Teachers vs the social media monster
Avoid it. That’s what people used to say to teachers about social media. And if you insist on using it, at least have the decency to remove all the vowels from your name or use your middle name instead.
However, ignoring social media, in my opinion, is like keeping your money in a suitcase under your bed, or refusing to look things up online in favour of reading a printed Encyclopedia. It’s all a bit head in the sand.
So, if you’re still a teacher who avoids social media, you are not just missing out: you are falling behind. For starters, that connection you can make with other teachers around the world can be an incredible and inspiring resource. For new teachers it’s an invaluable source of support to connect with others going through the same thing you are. For experienced teachers, it’s insightful to hone your craft with a limitless pool of ideas and guidance, and it’s also inspiring to see what’s happening outside of your own school.
As ever, schools are looking for staff who are creative, inventive, and go the extra-mile. What better way to show this than via your social media profile? Just think, all that any recruiting Head of Department would need to do is search your Twitter handle to find what great ideas you’re sharing with the education community.
So, here are a few thoughts to help you spread your social media wings:
What’s it all for?
That’s probably the biggest question of all time. What I really mean here is: what’s your social media account for?
Firstly, have a very specific aim for it. When I set up my Twitter account my aim was, “to inspire creativity and an adventurous spirit.” I still stand by that today. That doesn’t mean everything I share is about teaching. But it’s all, in some way, about being creative and adventurous.
Having this approach will help people who follow you know what you’re about. If one day you’re posting about a football match and the next you share an article on classroom pedagogy, your core professional message will get lost. I also think it helps to keep away from divisive topics like politics and religion, unless that’s specifically what your profile is about.
Who’s it for?
Mostly I see teachers use social media to network with other teachers. That said, there’s no reason why you couldn’t set up a profile to help your students with revision, or even a profile to keep in touch with your students’ parents.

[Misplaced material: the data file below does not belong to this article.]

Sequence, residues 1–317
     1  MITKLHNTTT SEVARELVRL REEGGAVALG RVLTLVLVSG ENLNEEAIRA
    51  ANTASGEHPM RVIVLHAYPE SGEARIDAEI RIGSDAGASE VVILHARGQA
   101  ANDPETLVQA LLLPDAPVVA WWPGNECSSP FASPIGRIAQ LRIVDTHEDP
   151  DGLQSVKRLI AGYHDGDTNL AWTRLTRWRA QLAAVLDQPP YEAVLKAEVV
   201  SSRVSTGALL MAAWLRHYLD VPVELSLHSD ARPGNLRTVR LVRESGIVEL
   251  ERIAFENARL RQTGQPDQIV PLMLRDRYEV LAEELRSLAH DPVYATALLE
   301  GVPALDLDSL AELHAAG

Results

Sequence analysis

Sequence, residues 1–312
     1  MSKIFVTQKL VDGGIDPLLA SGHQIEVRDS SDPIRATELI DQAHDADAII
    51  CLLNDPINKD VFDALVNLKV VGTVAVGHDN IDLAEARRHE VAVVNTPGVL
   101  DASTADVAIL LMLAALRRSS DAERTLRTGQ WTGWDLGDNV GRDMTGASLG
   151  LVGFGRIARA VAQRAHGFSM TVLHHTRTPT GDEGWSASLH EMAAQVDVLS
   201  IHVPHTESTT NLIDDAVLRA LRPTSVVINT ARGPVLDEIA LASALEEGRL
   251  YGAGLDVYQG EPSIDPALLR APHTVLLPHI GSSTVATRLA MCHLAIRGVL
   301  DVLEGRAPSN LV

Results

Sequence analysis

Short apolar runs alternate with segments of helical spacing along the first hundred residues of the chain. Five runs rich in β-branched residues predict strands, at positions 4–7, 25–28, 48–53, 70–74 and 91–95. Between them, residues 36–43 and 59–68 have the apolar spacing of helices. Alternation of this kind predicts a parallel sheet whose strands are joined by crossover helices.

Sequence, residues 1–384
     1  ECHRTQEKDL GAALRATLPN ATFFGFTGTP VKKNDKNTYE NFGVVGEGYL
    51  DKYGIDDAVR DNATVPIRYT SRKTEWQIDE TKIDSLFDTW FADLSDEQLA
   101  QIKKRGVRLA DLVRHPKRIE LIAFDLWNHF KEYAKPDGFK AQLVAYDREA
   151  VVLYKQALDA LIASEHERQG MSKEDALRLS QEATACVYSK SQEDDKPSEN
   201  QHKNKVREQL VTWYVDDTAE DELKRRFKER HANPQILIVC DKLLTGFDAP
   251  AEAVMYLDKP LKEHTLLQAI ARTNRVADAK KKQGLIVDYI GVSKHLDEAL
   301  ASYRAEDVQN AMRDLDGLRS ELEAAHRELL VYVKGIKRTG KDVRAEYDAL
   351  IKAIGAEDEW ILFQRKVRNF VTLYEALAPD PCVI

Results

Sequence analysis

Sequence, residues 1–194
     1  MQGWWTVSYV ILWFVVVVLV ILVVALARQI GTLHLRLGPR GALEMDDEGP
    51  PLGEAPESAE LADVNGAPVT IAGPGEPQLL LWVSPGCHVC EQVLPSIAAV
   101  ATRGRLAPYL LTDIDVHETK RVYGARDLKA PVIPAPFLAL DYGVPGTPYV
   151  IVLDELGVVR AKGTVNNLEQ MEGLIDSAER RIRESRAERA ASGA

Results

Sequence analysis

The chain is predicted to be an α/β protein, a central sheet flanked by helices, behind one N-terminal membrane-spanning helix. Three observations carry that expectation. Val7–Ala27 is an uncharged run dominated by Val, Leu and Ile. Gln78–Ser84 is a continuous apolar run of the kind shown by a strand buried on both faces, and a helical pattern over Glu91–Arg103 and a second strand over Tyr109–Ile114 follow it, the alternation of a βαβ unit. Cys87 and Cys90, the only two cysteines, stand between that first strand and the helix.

Whatever you want to do just be clear and stick to it. Having a profile that targets both students and other teachers wouldn’t be helpful for anyone.
Don’t tweet in anger
I see this quite a lot. Someone has had a bad day and they’re venting about it on Twitter. Of course, social media is great for sharing your experiences both good and bad, but it’s not the place to air grievances. Talk about the unhelpful feedback you got after an observation if you want, but don’t turn that into a one-sided rant.
One of the best things about the online education community is that it’s made up of teachers from every stage of their career. That’s great because we can all learn something from each other. If you’ve planned a lesson you’re really proud of, set up a drop box or blog to share it.
I love getting comments about the lessons I’ve shared online. I still have people downloading the things I put up over a year ago.
Choose your online name carefully
I didn’t want my profile to be confined to talking about teaching, so I went for something very similar to my real name (@LukeRicha if you’re interested). I’d recommend doing the same as then it’s suitable for whatever you might do in the future.
I’ve seen a number of people put job titles in their name. I’d recommend against that as your job title is likely to change. I definitely wouldn’t call myself something like @mrnqt, as by the time you’ve built up a bit of a following, you’ll be fully qualified and the name won’t make any sense.
The profile pic can be one of the hardest things. People hate having a photo taken for their profile pic, but honestly, you just have to do it. Get a colleague to take a picture of you at work in your classroom. It only needs to be a head-shot of you looking nice and smiley. Easy job.
Don’t even think about wasting time trawling through your phone pictures for one. You’ll either have a drink in your hand or be off in the distance somewhere. Remember this is a professional profile. That doesn’t mean the picture needs to be boring, but it does need to show you in a work light.
Now this depends again on why you’re going online. If you are going online to network with other teachers, then you can have open privacy settings so that people can retweet you and the wider community can get involved in the things you say. Of course, this does mean that if students (or anyone else) Google you they may be able to read your opinions on the latest inspection framework. If they want to do that – fair enough. Just always remember to be balanced, not angry.
Of course, that’s different to your personal Facebook account. On there, you’re sharing things with family and friends so that should be locked down tight.
teaglo, the social network for teachers, offers an exclusive space for teachers to connect and engage with each other on a global scale. Join here >
Be confident and enjoy it
Social media is a great tool for teachers of all levels. It would be a shame if you missed out or didn’t get the most out of it.
Remember, although it’s a noisy and chaotic ecosystem, your experience is unique so what you have to offer is of value. Spend a few minutes on there every day and see what you get out of it.